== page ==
An important strand in the early festivals was the contribution by Trilith, the Dorset-based film archive charity. They took their ‘Purbeck on Film’ presentation, made up of footage of the local area from home movies by amateurs and professionals, to village halls all over Purbeck and, later, beyond. Although Trilith is no longer a part of the festival, the idea of taking films to isolated communities was always one of the purposes of the Purbeck Film Festival. But in those early days, there were huge logistical problems, not the least of which was the noise of the film projector, which sounded like a machine-gun in the small space of the average village hall. The advent of the DVD has changed all that: a 4½-inch disc is rather more portable than several huge reels of film, and the projectors too are far more compact. So the festival’s list of venues nowadays goes as far north as Bourton and as far west as Chideock; last season the festival went to 24 locations other than the main ones, which are now the cinemas at Lighthouse and Bournemouth University – and, of course, the Rex at Wareham.
The Rex has been a focus of the festival since its inception. It is one of the few independent cinemas in Dorset, and for the last 21 years it has been run by a group of local volunteers. It first showed films in 1920 and until a recent refurbishment it was the last gas-lit cinema in the country. It maintains its old-fashioned charm – the ‘lovers’ seats’ in the back row (designed for two people) were not replaced – but there have been many improvements over the years. The curtains no longer have to be opened by hand, and the Kalee 18 projectors, which were already twenty years old when they were installed in 1965, made way in 2002 for more modern projectors using xenon lamps instead of the temperamental old-style carbon arcs. The Rex is up for sale as we go to press, but a restrictive covenant means that any buyer will have to keep it going as a cinema – excellent news for the festival, which last year showed 31 of its 77 films there.
This year’s festival is not showing quite so many films. This is partly a result of the financial crunch which is affecting most of the developed world and, in particular, those who rely on grants; but it is also a reflection on how difficult it is to organise a film festival.
‘It takes a huge amount of time to deal with some of the less established film distributors,’ says Tony Viney, the present chairman. ‘Often they don’t know what films they’ve got, or they tell you they’ve got it when in fact they haven’t, or they tell you just before you’re about to show it that you can’t show it because they’ve only got the American rights, not the European rights. You can spend months sending emails and getting no replies – or misleading replies, which is worse! So this year we’re only picking films from the lists of established distributors.’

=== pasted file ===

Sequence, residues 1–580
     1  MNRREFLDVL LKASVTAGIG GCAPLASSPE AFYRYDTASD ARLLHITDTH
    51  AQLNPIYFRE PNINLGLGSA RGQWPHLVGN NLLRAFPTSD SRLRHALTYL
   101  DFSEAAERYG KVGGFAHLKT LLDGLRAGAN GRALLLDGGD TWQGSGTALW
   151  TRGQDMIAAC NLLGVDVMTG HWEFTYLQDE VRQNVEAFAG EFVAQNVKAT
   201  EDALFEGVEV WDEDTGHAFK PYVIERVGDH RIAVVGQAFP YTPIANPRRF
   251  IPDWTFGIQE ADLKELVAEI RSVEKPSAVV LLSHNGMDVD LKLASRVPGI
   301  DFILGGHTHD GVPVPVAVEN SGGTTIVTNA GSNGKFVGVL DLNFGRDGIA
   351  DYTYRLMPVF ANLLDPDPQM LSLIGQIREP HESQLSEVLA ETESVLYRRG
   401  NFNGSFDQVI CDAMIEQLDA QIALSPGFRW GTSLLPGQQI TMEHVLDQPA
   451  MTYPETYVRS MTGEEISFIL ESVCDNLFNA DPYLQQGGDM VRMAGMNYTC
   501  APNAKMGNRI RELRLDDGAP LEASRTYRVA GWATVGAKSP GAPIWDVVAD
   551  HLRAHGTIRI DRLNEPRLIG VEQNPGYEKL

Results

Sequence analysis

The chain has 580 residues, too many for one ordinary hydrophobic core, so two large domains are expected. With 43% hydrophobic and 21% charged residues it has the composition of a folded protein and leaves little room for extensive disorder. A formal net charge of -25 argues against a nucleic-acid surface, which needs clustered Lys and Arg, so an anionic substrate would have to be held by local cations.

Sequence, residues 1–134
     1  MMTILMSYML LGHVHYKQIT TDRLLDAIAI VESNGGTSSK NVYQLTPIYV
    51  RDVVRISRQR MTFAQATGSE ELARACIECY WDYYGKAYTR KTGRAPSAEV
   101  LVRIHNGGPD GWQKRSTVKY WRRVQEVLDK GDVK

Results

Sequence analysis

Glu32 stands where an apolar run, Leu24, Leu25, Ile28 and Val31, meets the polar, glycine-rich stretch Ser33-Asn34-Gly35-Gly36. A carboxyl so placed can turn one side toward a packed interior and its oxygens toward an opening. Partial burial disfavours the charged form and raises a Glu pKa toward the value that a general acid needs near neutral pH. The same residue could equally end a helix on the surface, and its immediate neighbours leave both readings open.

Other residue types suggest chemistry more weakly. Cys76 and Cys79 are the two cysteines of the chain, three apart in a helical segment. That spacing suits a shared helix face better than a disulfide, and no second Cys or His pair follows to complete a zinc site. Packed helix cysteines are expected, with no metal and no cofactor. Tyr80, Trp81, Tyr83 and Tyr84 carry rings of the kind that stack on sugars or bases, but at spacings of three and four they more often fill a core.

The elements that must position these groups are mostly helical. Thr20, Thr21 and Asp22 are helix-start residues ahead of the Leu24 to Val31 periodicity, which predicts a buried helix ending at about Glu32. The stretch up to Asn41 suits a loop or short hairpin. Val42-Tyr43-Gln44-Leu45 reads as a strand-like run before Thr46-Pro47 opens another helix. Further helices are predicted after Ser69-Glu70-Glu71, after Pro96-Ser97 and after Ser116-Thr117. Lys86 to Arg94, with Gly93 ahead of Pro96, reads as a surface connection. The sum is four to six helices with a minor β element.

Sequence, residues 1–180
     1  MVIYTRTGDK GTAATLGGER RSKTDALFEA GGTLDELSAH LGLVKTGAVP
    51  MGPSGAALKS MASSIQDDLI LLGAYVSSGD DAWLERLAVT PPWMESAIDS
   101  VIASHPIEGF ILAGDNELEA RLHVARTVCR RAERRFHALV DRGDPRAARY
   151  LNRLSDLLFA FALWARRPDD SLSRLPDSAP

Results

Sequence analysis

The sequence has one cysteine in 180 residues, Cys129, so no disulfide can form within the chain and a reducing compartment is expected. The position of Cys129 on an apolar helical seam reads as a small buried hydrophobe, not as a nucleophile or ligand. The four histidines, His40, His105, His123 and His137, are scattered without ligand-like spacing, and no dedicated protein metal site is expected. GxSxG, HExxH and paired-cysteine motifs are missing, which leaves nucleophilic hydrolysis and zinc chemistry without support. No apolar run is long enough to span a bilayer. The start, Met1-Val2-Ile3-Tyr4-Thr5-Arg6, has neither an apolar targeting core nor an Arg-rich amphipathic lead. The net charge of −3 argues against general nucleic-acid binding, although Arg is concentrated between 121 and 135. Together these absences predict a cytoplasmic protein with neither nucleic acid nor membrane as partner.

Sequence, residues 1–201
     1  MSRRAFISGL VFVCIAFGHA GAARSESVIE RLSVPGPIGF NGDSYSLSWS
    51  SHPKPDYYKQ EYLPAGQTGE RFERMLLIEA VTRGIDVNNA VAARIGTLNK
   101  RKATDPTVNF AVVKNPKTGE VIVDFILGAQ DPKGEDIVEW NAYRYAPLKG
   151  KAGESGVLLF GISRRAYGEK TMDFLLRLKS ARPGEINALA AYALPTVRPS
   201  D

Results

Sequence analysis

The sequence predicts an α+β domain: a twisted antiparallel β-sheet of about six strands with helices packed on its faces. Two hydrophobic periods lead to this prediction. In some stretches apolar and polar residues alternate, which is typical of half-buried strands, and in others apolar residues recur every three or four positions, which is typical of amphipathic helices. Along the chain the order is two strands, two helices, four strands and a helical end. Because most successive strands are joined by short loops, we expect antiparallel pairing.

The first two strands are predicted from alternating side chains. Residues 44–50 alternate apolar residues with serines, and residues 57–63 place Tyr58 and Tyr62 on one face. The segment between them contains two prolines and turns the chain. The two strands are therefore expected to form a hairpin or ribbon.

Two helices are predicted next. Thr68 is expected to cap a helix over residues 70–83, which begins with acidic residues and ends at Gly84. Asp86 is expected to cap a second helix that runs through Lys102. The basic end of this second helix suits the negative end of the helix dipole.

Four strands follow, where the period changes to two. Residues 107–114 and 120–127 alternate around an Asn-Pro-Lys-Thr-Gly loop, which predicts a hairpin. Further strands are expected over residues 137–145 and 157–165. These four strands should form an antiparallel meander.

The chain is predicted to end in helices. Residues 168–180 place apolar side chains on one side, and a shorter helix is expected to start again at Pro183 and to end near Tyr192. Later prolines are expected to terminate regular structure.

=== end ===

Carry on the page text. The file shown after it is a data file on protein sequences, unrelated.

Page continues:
The very fact that this is a rural film festival brings problems of its own. At Stoborough Village Hall, the film stopped dead in its tracks after running exactly an hour for two years in succession. Even more strangely, each time the film concerned starred Scarlett Johansson. On the first occasion, Julie Sharman, festival administrator and heavily pregnant, raced around Purbeck in search of a copy of Girl with a Pearl Earring which would supply the conclusion. The stress almost induced an early birth, but when she arrived at Stoborough with the new copy the audience gave her a rapturous welcome, having been given free drinks to keep them happy during the wait.
A rather more unlikely venue is the Square and Compass, the pub in Worth Matravers which has been run by the Newman family for more than a hundred years. The first time a film was shown there, so many people arrived to see it that one filmgoer sat on the projectionist’s lap – whereupon he decided to sit outside with a pint of cider. The actor Leslie Banks was a friend of the Newmans and his frequent visits to their pub are commemorated by screenings of his films there. Other remarkable venues have included the Bovington Tank Museum for a showing of Saving Private Ryan and the Swanage Sailing Club for Deep Water, the documentary about disturbed yachtsman Donald Crowhurst; and last year the Norden park-and-ride became the venue for the festival’s first-ever drive-in movie, Grease.
This year’s festival includes another showing of Comrades, Bill Douglas’s epic version of the Tolpuddle Martyrs story, half of which was filmed in Dorset, as well as several films starring Greta Garbo, this year’s ‘festival icon’, and a tribute to Sir Bill Cotton, President of the festival since 2004, who died earlier this year. He had always been one of the festival’s staunchest supporters and would have been the first to say ‘The show must go on!’ And it will.
|Greta Garbo is this year’s festival icon. The advertising slogan for Ninotchka was ‘Garbo Laughs!’|